News & Publications

What's New

Dr Donal O’Hanlon announced as new President of the IHCA

[ Tuesday, 26th June 2018 ]

Dr Donal O’Hanlon announced as new President of the IHCA

New IHCA President cites recruitment and retention of new entrant Consultants and Health service capacity issues as core priorities

26 June 2018: The Irish Hospital Consultants Association (IHCA) has announced that Dr Donal O’Hanlon, Consultant Psychiatrist for the Health Service Executive Kildare, was elected President of the Association at the June IHCA National Council meeting. Dr O’Hanlon takes over the Presidency from Dr Tom Ryan, who had completed his two year term.

Dr O’Hanlon is an RCSI graduate who trained in Ireland and the United States, and has been primarily based in hospital practice throughout his career. He completed a Fellowship in Geriatric Psychiatry in Harvard University and has clinical interests in Geriatric Psychiatry, Consultation Liaison Psychiatry and Rehabilitation Psychiatry. He has held academic positions at Harvard University, Tufts University and the University of Connecticut and also Clinical Management positions in Ireland and the USA.

Commenting after being elected the 17th IHCA President, Dr Donal O’Hanlon stressed that recruitment and retention of Consultants and the critical need to end discrimination against younger Consultants will be the main focus of his tenure as President of the IHCA. The new President added that he sees a major challenge for the Health service to stabilise Hospital and Mental Health services after years of financial crisis.

Dr O’Hanlon said: “Our acute hospital and mental health services are increasingly uncompetitive in recruiting and retaining the number of consultants required to provide timely, high quality, safe care to patients. There are approximately 450 approved consultant posts, a full 15% of the total, which cannot be filled on a permanent basis and the age profile of the Consultant workforce suggests this problem will increase as 25% are over 55 years old. About half of the 450 posts are vacant and some are filled on an agency basis, at costs which are up to three times the discriminatory salaries being paid to new entrant consultants.”

The IHCA President continued: “The current two tier pay system for consultants is the major obstacle to recruitment of new Consultants. The “New Entrant” salary is not competitive in the global market for Consultants and it is discriminatory in the extreme towards new hospital Consultants. High Court orders entered into on 15 June 2018 require that the 2008 Consultant Contract salary must be paid to hospital consultants. The opposition of the State and health service employers (during the High Court settlement talks and since) to paying the corrected salaries to new entrant consultants exacerbates the discrimination, resulting in underpayments of salary of up to €75,000 per year for new consultants in comparison with longer serving colleagues.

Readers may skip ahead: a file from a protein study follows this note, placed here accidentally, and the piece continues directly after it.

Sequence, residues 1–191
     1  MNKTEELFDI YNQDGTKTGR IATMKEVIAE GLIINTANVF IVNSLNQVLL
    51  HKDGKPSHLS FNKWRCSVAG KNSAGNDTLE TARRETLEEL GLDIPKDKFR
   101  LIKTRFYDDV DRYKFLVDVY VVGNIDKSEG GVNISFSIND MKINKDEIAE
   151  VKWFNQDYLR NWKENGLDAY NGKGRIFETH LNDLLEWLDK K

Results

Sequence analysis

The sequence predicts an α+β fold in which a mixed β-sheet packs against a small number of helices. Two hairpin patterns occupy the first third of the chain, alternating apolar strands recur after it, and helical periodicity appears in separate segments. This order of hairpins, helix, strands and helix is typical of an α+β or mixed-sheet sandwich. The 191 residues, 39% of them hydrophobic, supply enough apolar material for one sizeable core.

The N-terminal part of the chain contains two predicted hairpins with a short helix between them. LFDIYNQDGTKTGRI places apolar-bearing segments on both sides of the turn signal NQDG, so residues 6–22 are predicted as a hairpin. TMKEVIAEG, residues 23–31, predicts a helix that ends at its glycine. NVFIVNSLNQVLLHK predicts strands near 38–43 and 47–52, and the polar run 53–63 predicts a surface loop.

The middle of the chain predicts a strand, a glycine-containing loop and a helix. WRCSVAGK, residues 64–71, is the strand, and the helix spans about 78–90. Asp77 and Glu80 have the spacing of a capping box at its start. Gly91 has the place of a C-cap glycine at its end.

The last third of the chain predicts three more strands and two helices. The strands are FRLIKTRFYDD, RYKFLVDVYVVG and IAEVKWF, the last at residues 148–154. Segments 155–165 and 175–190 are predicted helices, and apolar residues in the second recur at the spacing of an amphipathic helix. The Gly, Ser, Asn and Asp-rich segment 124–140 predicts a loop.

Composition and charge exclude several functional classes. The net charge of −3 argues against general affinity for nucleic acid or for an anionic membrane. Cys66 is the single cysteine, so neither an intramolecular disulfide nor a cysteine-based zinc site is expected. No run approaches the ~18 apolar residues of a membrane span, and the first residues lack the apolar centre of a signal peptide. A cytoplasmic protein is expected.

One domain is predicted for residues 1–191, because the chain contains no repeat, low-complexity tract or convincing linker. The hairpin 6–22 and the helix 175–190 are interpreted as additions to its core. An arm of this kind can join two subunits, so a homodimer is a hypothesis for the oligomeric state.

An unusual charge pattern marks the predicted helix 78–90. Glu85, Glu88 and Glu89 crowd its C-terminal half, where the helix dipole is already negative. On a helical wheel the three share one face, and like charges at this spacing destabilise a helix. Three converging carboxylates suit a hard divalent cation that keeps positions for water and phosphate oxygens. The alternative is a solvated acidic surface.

Dr O’Hanlon said that such unacceptable discrimination against new consultants must be ended without delay. It convinces new consultants that they are not valued and that they will not be treated fairly by the Health Service. It is the major factor in the decision of many to emigrate rather than to build their career in Ireland. If the issue is not fully addressed by the Government without delay the  IHCA be vigorously pursuing the ending of the discrimination through legal and other actions to ensure full parity for new consultants, as the Association has consistently demanded since 2012” he added.

Dr O’Hanlon added: “Mental health services have seen a reduction in funding over the last decade and need a sustained, planned, multi- year funding programme in order to achieve the targets set out in Vision for Change; the policy on mental health services over a decade ago.”

The newly appointed IHCA President said that Hospital services lack sufficient basic infrastructure to meet existing demands and need to be able to cope with the increasing demand due to a growing and aging population. He noted that these deficits have to be addressed urgently and on a sufficient scale to cope with the rising demand and to avoid further restriction of the public services, due also in part to the loss of a generation of highly trained and motivated staff. Dr O’Hanlon added that Ireland needs to expand bed provision by 4,000 beds.


For more information:

James Dunny, FleishmanHillard 

T: +353 86 3883903| E: